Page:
Biomedical Treatments for Migraine

The biomedical treatment of migraine is a three-pronged approach: avoidance of recognized triggers, prompt treatment of acute attacks, and preventive antimigraine therapy.

 Triggers are tracked using a migraine diary. The diary lists possible triggers such as weather, stress, menstruation, and diet.

Pharmaceuticals treat acute migraine. The drugs of choice for the past 20 years have been triptans (sumatriptan, naratriptan, zolmitriptan, eletriptan, almotriptan, frovatriptan, and avitriptan). All seven triptans are available in the form of pill, injection, nasal spray, and dissolving oral tablets.

Triptans leave the patient clear-headed while reversing nausea and pain. The side effects of triptans include tingling; flushing; and sensations of warmth, heaviness, pressure, or tightness in different parts of the body including the chest and neck. These drugs provide headache relief in 75% of patients.

Acupuncture provides a nonpharmacological treatment for migraine pain. Positron emission tomography (PET) and magnetic resonance imaging (MRI) scans have demonstrated how acupuncture modulates brain structures. Acupuncture affects the mechanisms of pain by its vasodilatory effect on the radial artery diameter. Acupuncture also affects cell secretion and signaling and afferent sensory input and the activity of norepinephrine,  angiotensin II, serotonin, enkephalin, beta-endorphin, and glutamate.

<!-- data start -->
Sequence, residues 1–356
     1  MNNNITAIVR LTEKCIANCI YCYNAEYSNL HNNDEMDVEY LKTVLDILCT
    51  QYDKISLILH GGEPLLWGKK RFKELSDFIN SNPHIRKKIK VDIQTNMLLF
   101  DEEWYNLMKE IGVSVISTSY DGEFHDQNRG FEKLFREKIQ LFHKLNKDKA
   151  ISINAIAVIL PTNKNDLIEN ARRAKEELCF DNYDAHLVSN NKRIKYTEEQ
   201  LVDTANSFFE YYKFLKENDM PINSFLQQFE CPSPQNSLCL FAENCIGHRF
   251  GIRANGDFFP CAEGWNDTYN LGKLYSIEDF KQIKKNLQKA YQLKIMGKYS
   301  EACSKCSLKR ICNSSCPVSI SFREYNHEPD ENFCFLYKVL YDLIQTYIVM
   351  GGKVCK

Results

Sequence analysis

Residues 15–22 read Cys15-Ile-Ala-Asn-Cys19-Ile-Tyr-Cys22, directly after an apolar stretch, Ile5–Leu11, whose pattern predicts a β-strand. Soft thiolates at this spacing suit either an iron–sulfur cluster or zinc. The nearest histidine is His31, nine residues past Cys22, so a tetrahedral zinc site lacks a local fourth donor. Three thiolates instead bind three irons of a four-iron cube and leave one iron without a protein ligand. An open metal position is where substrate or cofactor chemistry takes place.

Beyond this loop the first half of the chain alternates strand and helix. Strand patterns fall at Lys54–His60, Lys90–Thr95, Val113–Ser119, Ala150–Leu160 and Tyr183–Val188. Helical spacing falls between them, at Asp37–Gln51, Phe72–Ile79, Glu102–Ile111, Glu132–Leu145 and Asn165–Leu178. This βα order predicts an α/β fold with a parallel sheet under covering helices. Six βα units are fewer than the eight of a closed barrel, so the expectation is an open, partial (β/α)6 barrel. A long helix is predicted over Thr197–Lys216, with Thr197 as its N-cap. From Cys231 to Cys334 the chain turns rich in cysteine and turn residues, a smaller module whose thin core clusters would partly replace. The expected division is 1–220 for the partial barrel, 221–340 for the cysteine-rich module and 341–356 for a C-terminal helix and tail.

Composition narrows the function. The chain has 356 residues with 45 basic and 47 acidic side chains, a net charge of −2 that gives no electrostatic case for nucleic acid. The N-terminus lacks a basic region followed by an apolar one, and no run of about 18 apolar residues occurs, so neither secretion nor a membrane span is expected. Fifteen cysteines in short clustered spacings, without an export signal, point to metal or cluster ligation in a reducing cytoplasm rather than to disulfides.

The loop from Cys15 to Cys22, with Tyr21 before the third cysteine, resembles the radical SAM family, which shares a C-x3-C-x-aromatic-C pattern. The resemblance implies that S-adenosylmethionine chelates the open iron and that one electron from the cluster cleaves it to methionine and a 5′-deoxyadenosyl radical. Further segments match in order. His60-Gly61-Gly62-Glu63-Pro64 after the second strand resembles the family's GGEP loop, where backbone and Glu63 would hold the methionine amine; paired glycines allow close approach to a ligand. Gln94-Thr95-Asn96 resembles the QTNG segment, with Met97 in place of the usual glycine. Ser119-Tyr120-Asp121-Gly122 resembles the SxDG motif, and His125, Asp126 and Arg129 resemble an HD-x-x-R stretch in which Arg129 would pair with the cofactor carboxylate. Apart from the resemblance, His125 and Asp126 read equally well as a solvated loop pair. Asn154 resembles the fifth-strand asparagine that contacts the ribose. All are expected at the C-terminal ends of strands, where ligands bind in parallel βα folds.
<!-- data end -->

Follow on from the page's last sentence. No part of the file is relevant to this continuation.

Acupuncture has a strong analgesic effect and should be used in migraine treatment.

Acupuncture has been found to be more effective than both control treatment and preventive migraine pharmaceuticals. A prospective randomized trial documented the prophylactic benefit of acupuncture in migraine.

 The research demonstrated that after a 12-week treatment protocol, the acupuncture group experienced larger decreases in monthly moderate-to-severe headaches compared to the topiramate group.

Traditional Chinese medicine (TCM) theory classifies migraine as an external invasion or an internal disruption. The qi and blood of the six bowels and five viscera all ascend to the head. The three hand yang channels, the three foot yang channels, and the liver channel all meet at the head. Stagnation of qi and blood is often present with migraine. The excess type of migraine, typically short in duration, is from external forces such as wind, cold, dampness, or heat. Wind is the most common external element.

Persistent migraine is caused by internal disruption concerning the liver, spleen, and kidney. These organs exhibit signs of deficiency in addition to signs of liver yang rising. Deficiency patterns generally present with observable excesses, such as phlegm and blood stasis.

Other factors include weather, emotions, sexual activity, diet, posture, menstruation, and hypertension. Damp phlegm accumulation due to eating fatty, greasy, or sweet food or dairy products initiates migraine. Drinking alcohol or eating pungent food can cause flare-ups of stomach or liver fire.

A headache that worsens with pressure is usually due to an excess condition.

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